The Next Step: Rent Relief

Historically, airports in Canada were owned by the federal government. Beginning in 1992, the federal government, through Transport Canada, began to transfer either oversight or direct ownership of the nation’s airports to local entities.

Facette says that the members of the CAC have maintained that a fairer method would be to implement a per passenger formula. “Transport Canada heard the message but came out with a different solution,” he asserts.

Ottawa’s New Policy

The May announcement by Transport Minister Jean C. Lapierre calls for the top 21 airports to pay annual rents, based on a sliding scale [see box]. One of the more significant aspects of the new policy, according to Facette, is relief for all airports from chattel payments — that is, ongoing payments which airports have had to make for equipment and facilities that were in place when the airports were transferred to local entities.

Lapierre, in his announcement, projected that the new policy is expected to result in nearly $8 billion in rent relief for the authorities over the course of the existing lease agreements. The new policy evolved from an extensive study conducted by the Office of the Auditor General in February.

“The new rent formula is based on modern commercial leasing principles and is in line with other rent formulas within the Government of Canada and the private sector,” explains Lapierre.

“For airports currently paying rent, there will be a transition period leading to full implementation of the formula in January 2010. Approximately $350 million of the estimated $8 billion in rent reductions will be realized during this transition period.”

The CAC’s Facette, however, calls the new policy “a mixed bag of nuts.” He maintains that the federal government has pre-determined that it wanted to collect some $5 billion from the nation’s airports through 2047. “The formula gets them to that quantum,” he says. “It does more closely reflect the airport operating environment today and gets on the right path and will make a difference as airports try to compete.”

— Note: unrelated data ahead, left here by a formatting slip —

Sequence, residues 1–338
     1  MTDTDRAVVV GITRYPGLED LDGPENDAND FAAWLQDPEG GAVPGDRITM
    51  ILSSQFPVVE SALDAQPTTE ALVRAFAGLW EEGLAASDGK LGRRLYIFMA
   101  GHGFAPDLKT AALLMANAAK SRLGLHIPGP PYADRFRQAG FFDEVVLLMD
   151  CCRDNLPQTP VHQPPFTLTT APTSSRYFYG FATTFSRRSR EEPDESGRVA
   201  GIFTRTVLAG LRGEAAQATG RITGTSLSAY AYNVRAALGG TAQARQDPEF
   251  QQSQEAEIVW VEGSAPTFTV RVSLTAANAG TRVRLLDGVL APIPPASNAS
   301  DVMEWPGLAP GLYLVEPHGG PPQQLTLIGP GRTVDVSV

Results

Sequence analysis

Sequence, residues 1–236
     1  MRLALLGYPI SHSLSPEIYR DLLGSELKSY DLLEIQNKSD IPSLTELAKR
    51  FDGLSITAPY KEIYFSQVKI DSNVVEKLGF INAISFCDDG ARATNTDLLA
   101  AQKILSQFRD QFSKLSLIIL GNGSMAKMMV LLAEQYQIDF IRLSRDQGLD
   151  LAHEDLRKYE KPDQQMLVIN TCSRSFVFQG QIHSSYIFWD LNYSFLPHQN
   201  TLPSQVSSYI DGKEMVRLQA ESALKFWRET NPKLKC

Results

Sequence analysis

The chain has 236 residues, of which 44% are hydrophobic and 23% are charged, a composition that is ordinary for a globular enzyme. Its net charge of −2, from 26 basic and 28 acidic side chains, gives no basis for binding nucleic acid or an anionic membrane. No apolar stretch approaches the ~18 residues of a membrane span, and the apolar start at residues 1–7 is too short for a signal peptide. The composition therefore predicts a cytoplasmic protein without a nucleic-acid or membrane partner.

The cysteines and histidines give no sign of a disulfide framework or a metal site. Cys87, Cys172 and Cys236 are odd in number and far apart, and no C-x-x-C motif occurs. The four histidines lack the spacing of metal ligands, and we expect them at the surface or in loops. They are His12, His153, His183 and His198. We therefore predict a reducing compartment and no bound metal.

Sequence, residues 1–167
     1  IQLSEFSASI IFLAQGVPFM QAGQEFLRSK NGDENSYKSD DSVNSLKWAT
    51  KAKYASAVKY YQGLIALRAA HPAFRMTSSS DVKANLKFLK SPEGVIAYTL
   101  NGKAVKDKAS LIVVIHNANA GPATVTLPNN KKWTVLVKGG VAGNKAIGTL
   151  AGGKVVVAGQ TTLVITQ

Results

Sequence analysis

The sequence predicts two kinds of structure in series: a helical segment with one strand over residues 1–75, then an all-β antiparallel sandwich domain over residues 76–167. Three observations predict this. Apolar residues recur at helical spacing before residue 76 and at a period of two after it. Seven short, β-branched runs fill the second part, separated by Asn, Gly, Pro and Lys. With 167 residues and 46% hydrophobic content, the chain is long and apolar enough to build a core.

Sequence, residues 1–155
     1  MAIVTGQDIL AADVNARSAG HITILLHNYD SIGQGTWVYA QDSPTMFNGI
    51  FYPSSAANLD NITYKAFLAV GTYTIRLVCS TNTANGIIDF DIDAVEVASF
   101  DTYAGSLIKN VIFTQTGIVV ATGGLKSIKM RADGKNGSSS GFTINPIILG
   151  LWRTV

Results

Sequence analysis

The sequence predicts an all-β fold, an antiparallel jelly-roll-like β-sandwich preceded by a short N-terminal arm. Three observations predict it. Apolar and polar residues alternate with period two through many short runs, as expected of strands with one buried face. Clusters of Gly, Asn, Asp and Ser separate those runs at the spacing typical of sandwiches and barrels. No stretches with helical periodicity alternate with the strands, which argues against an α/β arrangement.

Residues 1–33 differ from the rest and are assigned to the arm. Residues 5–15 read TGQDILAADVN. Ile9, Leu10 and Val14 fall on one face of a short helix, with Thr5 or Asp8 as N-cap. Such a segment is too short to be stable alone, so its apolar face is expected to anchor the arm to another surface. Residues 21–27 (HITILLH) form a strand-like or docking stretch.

Facette concedes that the new policy does offer significant relief for the nine airports currently paying rent. The most glaring exception to that rule, he explains, is at Toronto Pearson International, which to date has paid about half of all rents collected.

Comments Facette, “For Toronto, the quantum to be paid will stay the same, about $140 million a year. So, Toronto cannot offer relief to airlines. In 2010, Toronto was scheduled to pay up to two times what it will pay.

“One can argue that Toronto has 35 percent of the passenger traffic, so they should pay the most. But Toronto has paid the better part of $1 billion to date, and you have to ask what they’ve gotten in return. Meanwhile, the airport is investing heavily in a new terminal and other capacity infrastructure.”

According to Facette, since the divestiture program began, local authorities have invested some $8 billion in their airports.

Future Challenges

Canada’s smallest communities may face the greatest challenge in the coming years, explains Facette, as they wrestle with ways to fund airport needs while also trying to maintain and grow passenger airline service, without having to charge extreme rates and charges to the carriers.

“The political speech is that the airports are the lifeblood of these communities,” says Facette, “yet the regulatory burden being placed on them doesn’t seem to stop.” A capital assistance program is available, but Facette says that demand far exceeds the funding levels which Ottawa appropriates each year.

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